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Arizona Cardinals host event to help military veterans

On the same practice field the Cards use to prepare for battle on the gridiron, military veterans worked to overcome some of their own personal battles.

TEMPE, Ariz. — On the same practice field the Arizona Cardinals use to prepare for battle on the gridiron, military veterans worked to overcome some of their own personal battles.

“People will parallel playing football to war. It’s nowhere on the same level. They are putting their lives on the line,” said Justin Pugh, Cardinals offensive guard.

Veterans were running through physical drills of all kinds. A good way to burn off stress and anxiety or a nice distraction.

It’s all part of the Merging Vets and Players (MVP), a nonprofit that seeks to ensure all military veterans can be as productive off the field as they were on it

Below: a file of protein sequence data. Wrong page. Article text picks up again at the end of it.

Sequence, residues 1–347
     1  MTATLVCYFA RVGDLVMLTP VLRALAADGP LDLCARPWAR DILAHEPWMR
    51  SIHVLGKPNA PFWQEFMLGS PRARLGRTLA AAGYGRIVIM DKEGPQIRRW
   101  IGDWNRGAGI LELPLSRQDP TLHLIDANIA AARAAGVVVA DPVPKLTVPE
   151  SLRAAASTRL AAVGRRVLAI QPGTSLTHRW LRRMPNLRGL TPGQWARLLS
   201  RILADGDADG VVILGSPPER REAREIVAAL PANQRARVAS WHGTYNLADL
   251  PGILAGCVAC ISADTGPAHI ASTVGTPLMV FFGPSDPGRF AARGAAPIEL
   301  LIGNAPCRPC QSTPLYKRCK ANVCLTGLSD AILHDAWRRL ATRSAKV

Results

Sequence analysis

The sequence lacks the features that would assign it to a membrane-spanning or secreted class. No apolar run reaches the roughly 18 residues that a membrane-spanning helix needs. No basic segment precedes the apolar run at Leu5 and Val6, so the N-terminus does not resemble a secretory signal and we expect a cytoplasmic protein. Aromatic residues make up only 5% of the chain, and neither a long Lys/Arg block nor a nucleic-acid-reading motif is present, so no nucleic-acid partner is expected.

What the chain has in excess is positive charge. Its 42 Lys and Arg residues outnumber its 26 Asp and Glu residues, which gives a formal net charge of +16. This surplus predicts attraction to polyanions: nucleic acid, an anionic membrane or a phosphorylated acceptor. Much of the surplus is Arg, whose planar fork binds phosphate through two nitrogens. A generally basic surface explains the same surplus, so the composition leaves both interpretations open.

The Arizona Cardinals and Pugh hosted the event at their training center in Tempe.

Pugh’s brother is currently serving and has seen some of the mental struggles his brother has had to face. He said he sees similarities between playing on a team and serving with a platoon.

“That locker room is everything. Being around people that are like-minded and have the same goals and things of that nature is huge,” said Pugh.

Joshua Peay is an Army veteran who now serves with the reserves and was among the veterans who took part.

“I thought it would be cool to come out here with some other veterans and hear their stories. Help them out if they can help me out,” said Peay. “In 2005, I went to Iraq. In 2012 I was in Afghanistan.”

Sometimes that tug of war between combat and civilian life can be tough. Peay has taken advantage of some of the resources available to veterans but said his biggest help has come from his family.

“My wife and kids really helped out with coming back dealing with stuff we were dealing with,” said Peay.

The event ended with the “huddle,” where all the veterans sat in a circle with the organizers and shared their experiences.

“Showing everyone is human here. Everyone has faults. Everyone has fears and be able to work together is the biggest thing. To be able to get around people who know what you’re going through is huge,” said Pugh.   

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